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People are arguing about the answer to the Sleeping Beauty! I thought this was pretty much dissolved with this post's title! But there are lengthy posts and even a prediction market!

Sleeping Beauty is an edge case where different reward structures are intuitively possible, and so people imagine different game payout structures behind the definition of “probability”. Once the payout structure is fixed, the confusion is gone. With a fixed payout structure&preference framework rewarding the number you output as “probability”, people don’t have a disagreement about what is the best number to output. Sleeping beauty is about definitions.)

And still, I see posts arguing that if a tree falls on a deaf Sleeping Beauty, in a forest with no one to hear it, it surely doesn’t produce a sound, because here’s how humans perceive sounds, which is the definition of a sound, and there are demonstrably no humans around the tree. (Or maybe that it surely produces the sound because here’s the physics of the sound waves, and the tree surely abides by the laws of physics, and there are demonstrably sound waves.)

This is arguing about definitions. You feel strongly that “probability” is that thing that triggers the “probability” concept neuron in your brain. If people have a different concept triggering “this is probability”, you feel like they must be wrong, because they’re pointing at something they say is a sound and you say isn’t.

Probability is something defined in math by necessity. There’s only one way to do it to not get exploited in natural betting schemes/reward structures that everyone accepts when there are no anthropics involved. But if there are multiple copies of the agent, there’s no longer a single possible betting scheme defining a single possible “probability”, and people draw the boundary/generalise differently in this situation.

You all should just call these two probabilities two different words instead of arguing which one is the correct definition for "probability".

[RETRACTED after Scott Aaronson’s reply by email]

I'm surprised by Scott Aaronson's approach to alignment. He has mentioned in a talk that a research field needs to have at least one of two: experiments or a rigorous mathematical theory, and so he's focusing on the experiments that are possible to do with the current AI systems.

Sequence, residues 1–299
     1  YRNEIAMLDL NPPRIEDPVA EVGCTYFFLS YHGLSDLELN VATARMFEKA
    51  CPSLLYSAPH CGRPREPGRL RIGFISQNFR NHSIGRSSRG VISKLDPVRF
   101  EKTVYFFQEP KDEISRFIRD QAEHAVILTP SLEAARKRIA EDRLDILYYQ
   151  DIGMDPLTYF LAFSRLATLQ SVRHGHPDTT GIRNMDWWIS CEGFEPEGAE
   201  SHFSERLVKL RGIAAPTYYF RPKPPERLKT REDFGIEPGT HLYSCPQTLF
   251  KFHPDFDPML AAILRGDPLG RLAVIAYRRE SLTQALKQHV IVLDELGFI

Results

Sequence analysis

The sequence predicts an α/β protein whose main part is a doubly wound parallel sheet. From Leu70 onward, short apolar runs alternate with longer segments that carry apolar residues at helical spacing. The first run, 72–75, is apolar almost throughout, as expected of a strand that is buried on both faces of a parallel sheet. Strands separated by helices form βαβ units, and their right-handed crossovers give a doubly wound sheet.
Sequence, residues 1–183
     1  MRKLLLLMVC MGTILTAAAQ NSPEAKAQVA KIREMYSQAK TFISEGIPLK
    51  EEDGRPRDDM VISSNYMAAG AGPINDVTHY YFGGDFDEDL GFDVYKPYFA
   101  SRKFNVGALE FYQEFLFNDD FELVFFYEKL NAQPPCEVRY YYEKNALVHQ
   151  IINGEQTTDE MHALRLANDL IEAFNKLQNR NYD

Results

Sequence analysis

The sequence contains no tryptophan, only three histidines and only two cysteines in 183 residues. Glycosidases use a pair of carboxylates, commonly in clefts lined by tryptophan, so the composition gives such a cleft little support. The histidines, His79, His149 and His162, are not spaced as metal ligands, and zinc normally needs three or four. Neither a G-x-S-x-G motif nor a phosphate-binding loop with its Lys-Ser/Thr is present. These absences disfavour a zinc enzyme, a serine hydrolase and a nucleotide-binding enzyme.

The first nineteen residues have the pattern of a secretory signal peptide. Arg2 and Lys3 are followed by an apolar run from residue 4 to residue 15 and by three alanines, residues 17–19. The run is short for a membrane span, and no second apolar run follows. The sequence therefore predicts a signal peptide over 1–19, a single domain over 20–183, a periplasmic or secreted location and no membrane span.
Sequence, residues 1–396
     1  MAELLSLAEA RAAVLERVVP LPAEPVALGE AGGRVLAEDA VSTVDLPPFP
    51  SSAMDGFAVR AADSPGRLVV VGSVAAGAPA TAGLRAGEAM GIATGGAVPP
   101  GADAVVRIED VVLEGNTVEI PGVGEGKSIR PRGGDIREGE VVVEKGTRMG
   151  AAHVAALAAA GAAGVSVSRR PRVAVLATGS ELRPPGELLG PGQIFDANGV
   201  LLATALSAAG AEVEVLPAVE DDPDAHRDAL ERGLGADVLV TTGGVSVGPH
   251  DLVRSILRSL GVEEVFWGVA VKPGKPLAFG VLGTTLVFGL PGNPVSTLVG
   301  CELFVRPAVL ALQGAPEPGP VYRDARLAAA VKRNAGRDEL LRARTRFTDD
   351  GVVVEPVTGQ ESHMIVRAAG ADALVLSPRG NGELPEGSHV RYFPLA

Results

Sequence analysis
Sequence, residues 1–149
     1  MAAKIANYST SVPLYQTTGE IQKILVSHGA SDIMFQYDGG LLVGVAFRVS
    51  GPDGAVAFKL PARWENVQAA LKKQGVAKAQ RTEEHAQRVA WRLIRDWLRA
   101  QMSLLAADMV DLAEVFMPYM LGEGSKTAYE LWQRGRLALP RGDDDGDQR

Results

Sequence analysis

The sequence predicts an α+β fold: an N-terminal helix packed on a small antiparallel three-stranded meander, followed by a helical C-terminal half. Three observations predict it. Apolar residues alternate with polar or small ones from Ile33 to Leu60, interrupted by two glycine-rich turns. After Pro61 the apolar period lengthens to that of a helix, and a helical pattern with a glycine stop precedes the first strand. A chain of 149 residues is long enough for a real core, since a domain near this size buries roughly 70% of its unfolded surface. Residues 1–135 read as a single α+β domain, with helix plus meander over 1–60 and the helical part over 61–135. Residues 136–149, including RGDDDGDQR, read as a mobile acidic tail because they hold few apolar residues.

The alignment problem is centered around optimization producing powerful consequentialist agents appearing when you're searching in spaces with capable agents. The dynamics at the level of superhuman general agents are not something you get to experiment with (more than once); and we do indeed need a rigorous mathematical theory that would describe the space and point at parts of it that are agents aligned with us.


I'm disappointed that, currently, only Infra-Bayesianism tries to achieve that[1], that I don't see dozens of other research directions trying to have a rigorous mathematical theory that would provide desiderata for AGI training setups, and that even actual scientists entering the field [removed].

  1. ^

    Infra-Bayesianism is an approach that tries to describe agents in a way that would closely resemble the behaviour of AGIs, starting with a way you can model them having probabilities about the world in a computable way that solves non-realizability in RL (short explanation, a sequence with equations and proofs) and making decisions in a way that optimization processes would select for, and continuing with a formal theory of naturalized induction and, finally, a proposal for alignment protocol.

    To be clear, I don't expect Infra-Bayesianism to produce an answer to what loss functions should be used to train an aligned AGI in the time that we have remaining; but I'd expect that if there were a hundred research directions like that, trying to come up with a rigorous mathematical theory that successfully attacks the problem, with thousands of people working on them, some would succeed.

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